Mausoleums and headstones
There is a large mausoleum located in the cemetery and four smaller ones, which are privately-owned. In 1916, The Central Mausoleum Co. of Carlisle built the large mausoleum in Block 11 of the cemetery. At the time of its construction, it was the largest in the state, housing 160 crypts with a chapel and storage accommodations.
Last year, a large tree fell, blocking the front of one of the privately-owned mausoleums — the Wilson Krieger mausoleum — located near the main entrance steps at Grant and High streets. A recent visitor was appalled that the tree remained in the same position for several months.
“We took several photographs up there. It’s hard to believe it’s come to this,” said Anne (Neely) Chamberlin, who currently resides in Maggie Valley, North Carolina. “As I approached the entrance gates, my heart sank. I carefully walked up the steps and observed numerous pieces of a fallen, stately white birch tree on the ground and left blocking the steps and path to our family’s mausoleum.”
Chamberlin explained that the Krieger mausoleum was built in 1872, when Alice Maud Krieger died at the age of 11. Her great-great uncle, Wilson Krieger, born on Feb. 22, 1849, was a pioneer resident of Shamokin and a founding member of the First Presbyterian Church. Wilson married Annie Neely, a Scottish immigrant and another of Shamokin’s pioneer residents.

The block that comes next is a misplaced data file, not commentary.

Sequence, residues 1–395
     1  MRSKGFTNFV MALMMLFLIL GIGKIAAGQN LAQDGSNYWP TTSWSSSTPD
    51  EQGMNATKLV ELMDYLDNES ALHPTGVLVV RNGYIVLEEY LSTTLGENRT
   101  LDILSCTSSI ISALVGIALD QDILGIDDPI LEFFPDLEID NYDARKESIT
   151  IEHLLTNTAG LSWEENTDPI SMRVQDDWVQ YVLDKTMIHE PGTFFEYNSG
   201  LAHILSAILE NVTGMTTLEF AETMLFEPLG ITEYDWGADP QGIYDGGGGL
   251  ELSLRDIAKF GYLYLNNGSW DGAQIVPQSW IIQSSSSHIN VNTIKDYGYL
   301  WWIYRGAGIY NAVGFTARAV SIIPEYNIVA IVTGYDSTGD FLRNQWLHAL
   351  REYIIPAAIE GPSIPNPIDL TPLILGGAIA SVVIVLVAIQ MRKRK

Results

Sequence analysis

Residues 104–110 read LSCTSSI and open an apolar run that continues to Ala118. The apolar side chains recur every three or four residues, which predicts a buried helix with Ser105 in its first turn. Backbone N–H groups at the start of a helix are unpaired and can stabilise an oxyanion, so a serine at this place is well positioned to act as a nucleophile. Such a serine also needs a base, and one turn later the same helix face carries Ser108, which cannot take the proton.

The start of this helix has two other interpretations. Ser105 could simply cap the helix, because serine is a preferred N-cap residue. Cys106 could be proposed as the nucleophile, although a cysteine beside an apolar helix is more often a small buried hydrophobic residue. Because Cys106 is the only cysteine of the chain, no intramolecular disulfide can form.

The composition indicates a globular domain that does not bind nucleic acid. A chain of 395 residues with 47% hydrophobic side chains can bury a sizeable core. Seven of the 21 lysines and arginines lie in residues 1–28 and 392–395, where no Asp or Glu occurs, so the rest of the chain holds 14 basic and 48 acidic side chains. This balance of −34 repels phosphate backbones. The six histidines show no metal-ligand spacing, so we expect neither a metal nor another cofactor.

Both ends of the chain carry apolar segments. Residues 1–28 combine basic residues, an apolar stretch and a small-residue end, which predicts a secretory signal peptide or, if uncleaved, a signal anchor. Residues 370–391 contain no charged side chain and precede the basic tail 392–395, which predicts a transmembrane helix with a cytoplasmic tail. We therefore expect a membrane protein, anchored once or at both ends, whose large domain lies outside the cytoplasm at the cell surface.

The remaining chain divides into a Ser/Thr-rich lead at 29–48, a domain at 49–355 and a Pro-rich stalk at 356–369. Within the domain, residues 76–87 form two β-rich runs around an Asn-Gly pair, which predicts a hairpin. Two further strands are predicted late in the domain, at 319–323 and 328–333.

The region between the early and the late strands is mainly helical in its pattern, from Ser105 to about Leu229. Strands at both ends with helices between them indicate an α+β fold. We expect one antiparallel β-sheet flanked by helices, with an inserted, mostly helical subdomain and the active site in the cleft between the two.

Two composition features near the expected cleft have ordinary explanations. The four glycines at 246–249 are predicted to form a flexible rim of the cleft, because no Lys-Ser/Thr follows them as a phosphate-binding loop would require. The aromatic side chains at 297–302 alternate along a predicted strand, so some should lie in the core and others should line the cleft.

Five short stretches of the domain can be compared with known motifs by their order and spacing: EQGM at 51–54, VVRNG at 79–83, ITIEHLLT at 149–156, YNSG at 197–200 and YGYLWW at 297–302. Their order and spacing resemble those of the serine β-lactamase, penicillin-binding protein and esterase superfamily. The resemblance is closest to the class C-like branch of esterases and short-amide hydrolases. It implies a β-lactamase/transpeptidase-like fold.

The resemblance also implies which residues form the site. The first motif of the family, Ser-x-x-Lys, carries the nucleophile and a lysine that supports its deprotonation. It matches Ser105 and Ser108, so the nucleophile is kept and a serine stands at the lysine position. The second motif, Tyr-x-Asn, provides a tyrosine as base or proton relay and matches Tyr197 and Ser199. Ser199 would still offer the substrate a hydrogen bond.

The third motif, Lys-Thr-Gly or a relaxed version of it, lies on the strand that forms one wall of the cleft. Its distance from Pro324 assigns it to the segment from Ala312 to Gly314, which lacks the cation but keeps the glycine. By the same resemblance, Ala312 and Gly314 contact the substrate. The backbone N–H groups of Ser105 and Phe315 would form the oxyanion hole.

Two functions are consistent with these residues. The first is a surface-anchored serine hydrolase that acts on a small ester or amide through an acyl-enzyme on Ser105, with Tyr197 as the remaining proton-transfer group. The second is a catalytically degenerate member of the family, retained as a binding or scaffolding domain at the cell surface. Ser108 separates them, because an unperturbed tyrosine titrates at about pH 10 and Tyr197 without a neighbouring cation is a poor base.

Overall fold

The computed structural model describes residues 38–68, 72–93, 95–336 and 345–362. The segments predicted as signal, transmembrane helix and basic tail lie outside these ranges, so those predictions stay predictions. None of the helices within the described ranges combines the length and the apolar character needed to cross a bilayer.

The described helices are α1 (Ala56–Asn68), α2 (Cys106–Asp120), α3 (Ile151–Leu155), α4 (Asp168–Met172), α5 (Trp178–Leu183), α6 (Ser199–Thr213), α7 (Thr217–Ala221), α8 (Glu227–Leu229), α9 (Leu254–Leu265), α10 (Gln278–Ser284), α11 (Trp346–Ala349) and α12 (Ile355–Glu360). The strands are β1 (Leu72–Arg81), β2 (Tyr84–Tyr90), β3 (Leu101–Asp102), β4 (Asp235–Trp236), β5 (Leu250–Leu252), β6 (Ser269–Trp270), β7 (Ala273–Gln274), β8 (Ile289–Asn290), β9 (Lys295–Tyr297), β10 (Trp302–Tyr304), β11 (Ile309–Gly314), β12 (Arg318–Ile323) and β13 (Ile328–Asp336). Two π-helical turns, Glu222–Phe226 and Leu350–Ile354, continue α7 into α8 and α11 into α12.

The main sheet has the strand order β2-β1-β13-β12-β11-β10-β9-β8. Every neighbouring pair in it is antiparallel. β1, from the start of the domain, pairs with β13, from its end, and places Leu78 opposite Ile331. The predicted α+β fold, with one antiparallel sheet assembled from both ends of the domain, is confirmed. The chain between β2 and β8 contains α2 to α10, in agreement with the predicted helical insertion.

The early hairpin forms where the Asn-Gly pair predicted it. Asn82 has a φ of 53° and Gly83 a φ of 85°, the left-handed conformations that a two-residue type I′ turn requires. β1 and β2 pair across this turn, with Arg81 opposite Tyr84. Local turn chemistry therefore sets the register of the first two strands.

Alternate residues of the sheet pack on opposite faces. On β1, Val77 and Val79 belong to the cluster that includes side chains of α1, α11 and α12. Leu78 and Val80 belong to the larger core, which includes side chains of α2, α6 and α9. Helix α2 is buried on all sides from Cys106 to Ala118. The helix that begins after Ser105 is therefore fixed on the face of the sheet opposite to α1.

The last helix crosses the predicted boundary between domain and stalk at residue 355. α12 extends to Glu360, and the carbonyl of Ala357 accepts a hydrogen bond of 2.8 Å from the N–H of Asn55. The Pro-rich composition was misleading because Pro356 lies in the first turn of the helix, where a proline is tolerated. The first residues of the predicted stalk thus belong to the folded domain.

Chamberlin said it was heartbreaking to view her family’s mausoleum entrance blocked by the tree. She pointed out that numerous other headstones were also covered by pieces of the felled tree.
She added, “I’m tired of visiting the Shamokin that I love and seeing the Shamokin Cemetery, so rich in history, continue to deteriorate year after year.”
Company president responds
William Milbrand, president of The Shamokin Cemetery Co., said the company is in financial distress and in need of a full-time caretaker.
“Right now, we’re able to pay our monthly bills, but nothing more. We get roughly $1,000 per quarter from an irrevocable trust comprised of money paid into a perpetual care trust fund, but we need to hire a permanent caretaker and come up with a way of paying for that care on a regular basis.”